Paraneoplastic Syndrome

Introduction[edit | edit source]

Paraneoplastic syndrome.png

Paraneoplastic syndromes (PNS) are rare clinical syndromes due to the systemic effects of tumours; they are unrelated to tumour size, invasiveness or metastases. Carcinoid syndrome is a paraneoplastic syndrome comprising the signs and symptoms that occur secondary to carcinoid tumors See image R

  • Recent years have seen considerable advances leading to improved understanding of their pathophysiology and increased recognition of new PNS entities and PNS associated tumours.
  • Diagnosis is still frequently missed or delayed.
  • Diverse organs and systems are affected by the associated tumours- which may be benign or malignant.
  • PNS can occur concurrently with tumour diagnosis, before tumour is diagnosed and even after tumours have been resected[1].
  • It is hypothesized that paraneoplastic syndrome occurs when cancer-fighting antibodies or white blood cells (known as T cells) mistakenly attack normal cells in the nervous system.  Another hypothesis is that the neoplasm secretes hormones or cytokines that cause the symptoms to occur. Neurological symptoms can develop over a period of days to weeks and usually occur prior to the tumor being discovered. [2]
  • The symptoms typically presents in the middle-aged to older population. Also, it is common in individuals with lung, ovarian, lymphatic, or breast cancer.  The most common cancer associated with paraneoplastic syndrome is small cell cancer of the lungs. [3]

Etiology[edit | edit source]

PNS are largely due to two main causes:

  1. Those due to tumour secretions of hormones, functionally active peptides, enzymes cytokines
  2. Those due to tumours operating through auto-immune/immunological mechanisms with cross-reacting antibodies between neoplastic and normal tissues. Nb Remission of symptoms often follows resection of humoral secretory tumours but not always of tumours due to immunological mechanisms[1].

Epidemiology[edit | edit source]

  • Precise incidence and prevalence of the paraneoplastic syndrome are unknown (due to the rarity of disease). Can occur with any malignancy.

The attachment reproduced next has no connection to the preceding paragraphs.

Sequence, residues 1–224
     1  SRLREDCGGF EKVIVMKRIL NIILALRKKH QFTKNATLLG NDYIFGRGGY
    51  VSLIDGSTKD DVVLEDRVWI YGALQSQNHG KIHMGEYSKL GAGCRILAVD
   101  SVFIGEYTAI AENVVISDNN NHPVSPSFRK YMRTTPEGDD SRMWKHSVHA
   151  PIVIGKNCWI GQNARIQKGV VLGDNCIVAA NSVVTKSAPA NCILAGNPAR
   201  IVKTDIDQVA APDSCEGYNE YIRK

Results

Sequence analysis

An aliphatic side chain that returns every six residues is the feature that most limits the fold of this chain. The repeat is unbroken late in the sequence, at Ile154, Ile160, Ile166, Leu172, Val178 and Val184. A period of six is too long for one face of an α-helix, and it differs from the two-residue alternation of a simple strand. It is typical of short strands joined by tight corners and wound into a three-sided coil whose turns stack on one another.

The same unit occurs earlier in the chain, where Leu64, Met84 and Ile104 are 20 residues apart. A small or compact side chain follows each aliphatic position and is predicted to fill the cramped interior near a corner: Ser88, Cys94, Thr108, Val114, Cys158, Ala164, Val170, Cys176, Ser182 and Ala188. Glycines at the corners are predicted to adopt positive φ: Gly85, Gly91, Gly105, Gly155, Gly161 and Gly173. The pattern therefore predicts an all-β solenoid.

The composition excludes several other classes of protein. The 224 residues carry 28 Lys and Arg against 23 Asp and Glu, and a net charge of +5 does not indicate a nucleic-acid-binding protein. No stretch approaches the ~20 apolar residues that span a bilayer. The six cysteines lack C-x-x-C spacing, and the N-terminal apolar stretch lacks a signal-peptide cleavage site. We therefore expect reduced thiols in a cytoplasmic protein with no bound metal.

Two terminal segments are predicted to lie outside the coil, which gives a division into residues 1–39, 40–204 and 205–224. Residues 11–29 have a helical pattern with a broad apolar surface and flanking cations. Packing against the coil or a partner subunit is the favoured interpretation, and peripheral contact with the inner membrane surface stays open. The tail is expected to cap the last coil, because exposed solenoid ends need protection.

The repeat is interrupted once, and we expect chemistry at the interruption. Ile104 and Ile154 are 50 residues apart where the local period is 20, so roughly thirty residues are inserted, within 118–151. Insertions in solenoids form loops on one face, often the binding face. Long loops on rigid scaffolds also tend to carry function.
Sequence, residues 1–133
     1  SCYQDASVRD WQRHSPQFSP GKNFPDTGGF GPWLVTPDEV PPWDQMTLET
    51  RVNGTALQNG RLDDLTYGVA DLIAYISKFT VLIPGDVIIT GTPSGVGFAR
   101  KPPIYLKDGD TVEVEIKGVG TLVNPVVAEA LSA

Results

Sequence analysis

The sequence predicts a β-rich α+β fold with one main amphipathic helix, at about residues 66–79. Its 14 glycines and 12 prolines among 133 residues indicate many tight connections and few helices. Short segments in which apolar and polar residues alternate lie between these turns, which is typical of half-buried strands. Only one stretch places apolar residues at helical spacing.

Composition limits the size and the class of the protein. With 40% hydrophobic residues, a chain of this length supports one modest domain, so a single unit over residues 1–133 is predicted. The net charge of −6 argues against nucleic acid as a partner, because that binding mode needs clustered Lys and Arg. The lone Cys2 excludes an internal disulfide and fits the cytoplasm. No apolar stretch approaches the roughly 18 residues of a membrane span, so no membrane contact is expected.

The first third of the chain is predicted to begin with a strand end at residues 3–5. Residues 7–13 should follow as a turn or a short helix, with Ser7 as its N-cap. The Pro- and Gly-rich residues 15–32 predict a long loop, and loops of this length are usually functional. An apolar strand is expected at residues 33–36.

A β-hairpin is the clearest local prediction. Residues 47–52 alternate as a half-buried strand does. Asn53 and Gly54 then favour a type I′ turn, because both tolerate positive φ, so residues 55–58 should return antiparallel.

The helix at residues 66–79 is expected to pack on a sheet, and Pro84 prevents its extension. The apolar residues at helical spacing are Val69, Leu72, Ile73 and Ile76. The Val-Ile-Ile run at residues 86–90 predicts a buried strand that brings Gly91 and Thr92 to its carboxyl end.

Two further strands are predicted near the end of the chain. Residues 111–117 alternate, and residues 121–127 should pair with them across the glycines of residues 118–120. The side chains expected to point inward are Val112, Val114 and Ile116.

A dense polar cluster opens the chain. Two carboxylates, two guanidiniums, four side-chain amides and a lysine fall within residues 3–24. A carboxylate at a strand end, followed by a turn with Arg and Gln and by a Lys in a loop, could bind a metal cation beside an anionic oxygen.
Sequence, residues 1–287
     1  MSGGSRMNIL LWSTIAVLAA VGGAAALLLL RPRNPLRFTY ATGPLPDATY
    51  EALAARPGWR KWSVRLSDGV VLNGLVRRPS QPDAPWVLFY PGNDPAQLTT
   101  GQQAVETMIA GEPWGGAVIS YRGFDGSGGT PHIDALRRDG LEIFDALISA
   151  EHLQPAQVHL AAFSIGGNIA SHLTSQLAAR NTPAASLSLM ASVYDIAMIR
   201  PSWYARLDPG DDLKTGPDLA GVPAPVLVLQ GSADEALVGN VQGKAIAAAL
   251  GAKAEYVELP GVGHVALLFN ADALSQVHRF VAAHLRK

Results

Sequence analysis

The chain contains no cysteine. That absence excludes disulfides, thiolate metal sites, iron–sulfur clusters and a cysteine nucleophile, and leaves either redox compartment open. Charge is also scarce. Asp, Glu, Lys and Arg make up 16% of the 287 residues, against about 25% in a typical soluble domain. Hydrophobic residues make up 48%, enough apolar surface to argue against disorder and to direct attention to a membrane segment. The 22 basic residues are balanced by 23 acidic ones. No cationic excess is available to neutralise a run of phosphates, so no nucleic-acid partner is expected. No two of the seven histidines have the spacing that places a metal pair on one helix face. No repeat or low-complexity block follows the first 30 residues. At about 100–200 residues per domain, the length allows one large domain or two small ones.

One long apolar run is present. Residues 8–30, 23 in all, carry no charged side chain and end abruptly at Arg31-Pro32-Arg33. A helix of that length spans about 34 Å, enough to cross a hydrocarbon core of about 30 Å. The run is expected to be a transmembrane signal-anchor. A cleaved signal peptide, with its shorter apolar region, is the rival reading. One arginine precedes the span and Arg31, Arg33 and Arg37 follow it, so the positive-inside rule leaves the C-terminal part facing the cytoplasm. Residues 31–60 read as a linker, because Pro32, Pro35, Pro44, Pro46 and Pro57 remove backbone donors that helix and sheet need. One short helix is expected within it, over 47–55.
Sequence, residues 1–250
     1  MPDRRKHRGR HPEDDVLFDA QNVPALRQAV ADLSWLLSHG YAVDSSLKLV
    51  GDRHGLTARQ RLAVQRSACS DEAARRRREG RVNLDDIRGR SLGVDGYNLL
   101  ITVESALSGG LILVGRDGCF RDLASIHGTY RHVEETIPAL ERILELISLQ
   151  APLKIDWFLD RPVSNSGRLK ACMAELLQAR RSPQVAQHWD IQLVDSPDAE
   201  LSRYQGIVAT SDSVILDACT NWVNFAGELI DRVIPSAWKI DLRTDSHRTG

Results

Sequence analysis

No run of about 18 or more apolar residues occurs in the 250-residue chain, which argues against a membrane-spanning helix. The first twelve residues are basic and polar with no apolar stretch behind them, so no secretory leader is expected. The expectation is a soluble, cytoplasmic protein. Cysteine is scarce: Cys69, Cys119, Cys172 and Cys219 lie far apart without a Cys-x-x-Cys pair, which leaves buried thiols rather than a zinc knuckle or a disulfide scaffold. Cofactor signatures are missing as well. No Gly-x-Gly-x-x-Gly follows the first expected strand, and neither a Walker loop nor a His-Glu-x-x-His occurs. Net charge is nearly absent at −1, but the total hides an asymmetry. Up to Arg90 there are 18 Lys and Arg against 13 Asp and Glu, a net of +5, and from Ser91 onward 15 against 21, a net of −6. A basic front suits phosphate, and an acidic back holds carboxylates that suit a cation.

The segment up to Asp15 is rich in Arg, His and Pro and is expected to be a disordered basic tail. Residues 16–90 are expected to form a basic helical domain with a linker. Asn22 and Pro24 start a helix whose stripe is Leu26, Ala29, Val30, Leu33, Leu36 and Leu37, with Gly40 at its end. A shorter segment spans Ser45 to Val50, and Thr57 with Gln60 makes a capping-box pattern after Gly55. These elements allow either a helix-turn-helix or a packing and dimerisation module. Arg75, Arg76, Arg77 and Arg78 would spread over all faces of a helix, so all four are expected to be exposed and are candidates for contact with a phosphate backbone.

• A review of the literature suggests that paraneoplastic syndrome occurs in up to 8% of cancer patients.
  • Neurological manifestation in the form of neuropathies is common.
  • Males and females are affected equally.[4]

Clinical Presentation[edit | edit source]

Paraneoplastic syndrome involves multi-organ system in the body with heterogeneous and complex clinical manifestations in the setting of underlying malignancy.

Clinical presentations are categorized based on the organ system as follows.

  1. Nervous System - Signs and symptoms are based on the part of the nervous system that is affected by a paraneoplastic syndrome eg central nervous system, neuromuscular junction, or peripheral nervous system. A patient may present with seizure, cognitive dysfunction, personality change, psychosis, insomnia, ataxia, dysarthria, dysphagia, cranial nerve deficits, and sensorimotor abnormalities.
    • Central Nervous System eg Paraneoplastic encephalitis/encephalomyelitis; Subacute cerebellar degeneration; Opsoclonus-myoclonus syndrome
    • Neuromuscular Junction eg Myasthenia Gravis; Lambert-Eaton myasthenic syndrome (LEMS)
    • Peripheral Nervous System eg Autonomic neuropathy; Subacute sensory neuropathy
  2. Endocrine eg Cushing syndrome; Syndrome of inappropriate antidiuretic hormone secretion (SIADH); Hypercalcemia
  3. Rheumatological eg Paraneoplastic polyarthritis; Polymyalgia rheumatica; Multicentric reticulohistiocytosis; Hypertrophic osteoarthropathy
  4. Hematological Hematologic manifestations of the paraneoplastic syndrome are generally asymptomatic but can be manifested as pallor, fatigue, dyspnea, and venous thromboembolism. Hematologic syndromes are characterized by thrombocytosis, granulocytosis, eosinophilia, pure red cell aplasia, disseminated intravascular coagulation, and leukemoid reactions.
  5. Dermatological eg Acanthosis nigricans; Paraneoplastic pemphigus; Sweet syndrome; Leukocytoclastic vasculitis; Dermatomyositis
  6. Renal eg Electrolyte imbalance (hypokalemia, hypo or hypernatremia, hyperphosphatemia) causing nephropathy and acid-base disturbance due to ectopic hormones produced by tumor cells such as ACTH and ADH.[14] Nephrotic syndrome can also be one of the manifestations of paraneoplastic syndrome.
  7. Miscellaneous eg Fever, cachexia, anorexia, dysgeusia[4]

Management[edit | edit source]

  • National-cancer-institute-0YBIMOqQzt0-unsplash.jpg